If Hawaii were still a monarchy, its queen would be the 91-year-old descendant of some of Hawaii’s most revered native historical figures.
Aside from being a living touchstone to history, the heir of much of the Campbell (of Campbell’s soup fame) estate, the owner of a vast personal fortune and a princess, she may also be the victim of domestic violence.
While the princess is in the middle of the dispute, the two prime combatants are her long-time attorney and a long-time companion, who has been with the princess for over 20 years. At stake is not only the princess’s right to personal autonomy and the ability to govern her own affairs — but the future of her fortune.
There are allegations of abuse on both sides of the legal fence. The princess’s companion has said that the attorney made a grab for control over the money (which could entitle him to significant compensation for his administration efforts) when the princess suffered a stroke. The attorney alleges that the princess is no longer mentally competent and that her companion is trying to deceive people into believing otherwise. That way, the princess’s companion can manipulate the princess’s wealth.
While the princess’s companion has enjoyed a $700,000 yearly allowance, the attorney alleges that she has frequently asked for more — and been refused. Now that the princess is unwell, however, he fears that the fortune will be dissipated before the princess dies. That would stop it from ever getting to the people that the princess has long intended to benefit from the money: native Hawaiians.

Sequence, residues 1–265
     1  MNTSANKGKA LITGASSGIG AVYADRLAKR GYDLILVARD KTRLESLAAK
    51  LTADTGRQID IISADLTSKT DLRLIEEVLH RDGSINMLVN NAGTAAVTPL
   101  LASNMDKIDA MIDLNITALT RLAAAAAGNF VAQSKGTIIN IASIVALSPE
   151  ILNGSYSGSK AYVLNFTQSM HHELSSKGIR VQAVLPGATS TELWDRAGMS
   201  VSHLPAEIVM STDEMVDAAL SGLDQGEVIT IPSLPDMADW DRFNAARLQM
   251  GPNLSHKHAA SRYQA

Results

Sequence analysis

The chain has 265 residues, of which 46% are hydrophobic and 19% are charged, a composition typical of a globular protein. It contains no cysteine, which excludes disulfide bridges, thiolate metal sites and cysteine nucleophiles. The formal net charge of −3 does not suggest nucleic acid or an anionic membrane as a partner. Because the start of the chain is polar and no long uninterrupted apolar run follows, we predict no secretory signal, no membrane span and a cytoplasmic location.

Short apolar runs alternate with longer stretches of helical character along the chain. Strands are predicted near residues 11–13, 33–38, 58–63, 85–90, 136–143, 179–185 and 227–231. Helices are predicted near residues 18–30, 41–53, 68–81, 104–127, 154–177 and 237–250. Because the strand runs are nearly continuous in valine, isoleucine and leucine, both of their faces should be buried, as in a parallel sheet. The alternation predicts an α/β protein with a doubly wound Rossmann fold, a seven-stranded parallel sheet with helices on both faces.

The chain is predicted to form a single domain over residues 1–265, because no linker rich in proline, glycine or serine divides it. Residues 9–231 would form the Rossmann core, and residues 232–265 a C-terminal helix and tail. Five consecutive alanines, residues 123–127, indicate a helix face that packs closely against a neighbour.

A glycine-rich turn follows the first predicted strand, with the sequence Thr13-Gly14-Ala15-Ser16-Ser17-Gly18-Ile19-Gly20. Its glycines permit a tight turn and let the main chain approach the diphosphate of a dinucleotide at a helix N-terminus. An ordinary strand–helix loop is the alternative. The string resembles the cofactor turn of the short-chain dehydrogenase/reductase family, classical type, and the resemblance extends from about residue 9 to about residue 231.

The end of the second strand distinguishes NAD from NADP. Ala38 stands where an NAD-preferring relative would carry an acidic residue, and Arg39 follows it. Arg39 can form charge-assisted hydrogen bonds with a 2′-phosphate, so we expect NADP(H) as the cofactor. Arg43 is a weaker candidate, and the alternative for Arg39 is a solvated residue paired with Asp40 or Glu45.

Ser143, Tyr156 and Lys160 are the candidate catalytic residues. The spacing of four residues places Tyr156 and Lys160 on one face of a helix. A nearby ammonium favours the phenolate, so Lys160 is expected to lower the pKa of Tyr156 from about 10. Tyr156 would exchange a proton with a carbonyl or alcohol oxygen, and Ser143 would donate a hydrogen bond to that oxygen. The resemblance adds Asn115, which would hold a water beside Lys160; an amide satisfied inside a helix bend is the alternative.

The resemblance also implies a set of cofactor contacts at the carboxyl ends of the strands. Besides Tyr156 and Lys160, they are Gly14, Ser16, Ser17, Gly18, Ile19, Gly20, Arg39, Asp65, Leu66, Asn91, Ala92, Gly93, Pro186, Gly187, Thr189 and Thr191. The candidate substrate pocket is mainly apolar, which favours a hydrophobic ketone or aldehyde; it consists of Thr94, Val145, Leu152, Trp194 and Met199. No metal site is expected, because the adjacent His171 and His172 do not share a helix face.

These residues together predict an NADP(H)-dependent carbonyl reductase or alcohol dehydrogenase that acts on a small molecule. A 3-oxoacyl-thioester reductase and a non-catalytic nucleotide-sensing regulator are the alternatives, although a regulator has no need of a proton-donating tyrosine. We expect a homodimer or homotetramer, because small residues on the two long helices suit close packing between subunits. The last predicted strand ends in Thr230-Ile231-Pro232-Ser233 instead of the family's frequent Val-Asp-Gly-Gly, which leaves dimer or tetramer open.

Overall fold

Part of the lawsuit includes allegations that the princess’s companion has been physically abusive. The attorney claims he has photos showing bruises on the elderly princess. He also claims that a letter, supposedly handwritten by the princess after her stroke, is the result of undue influence or coercion.
The attorney has asked the state to appoint a kokua kanawai to look into the issue. Where incompetency is an issue in domestic abuse allegations, the kokua kanawai (a title unique to Hawaiian law) can function as friend of the court to help the judge get a true picture of what is really happening by using broad investigative powers to look into the lives of those involved.
If you believe an elderly relative or friend is being physically, emotionally or financially abused, seek legal help immediately.
Source: www.civilbeat.org, “Will Native Hawaiians Be The Victims In This Fight Over A Royal Fortune?,” Nick Grube, Aug. 15, 2017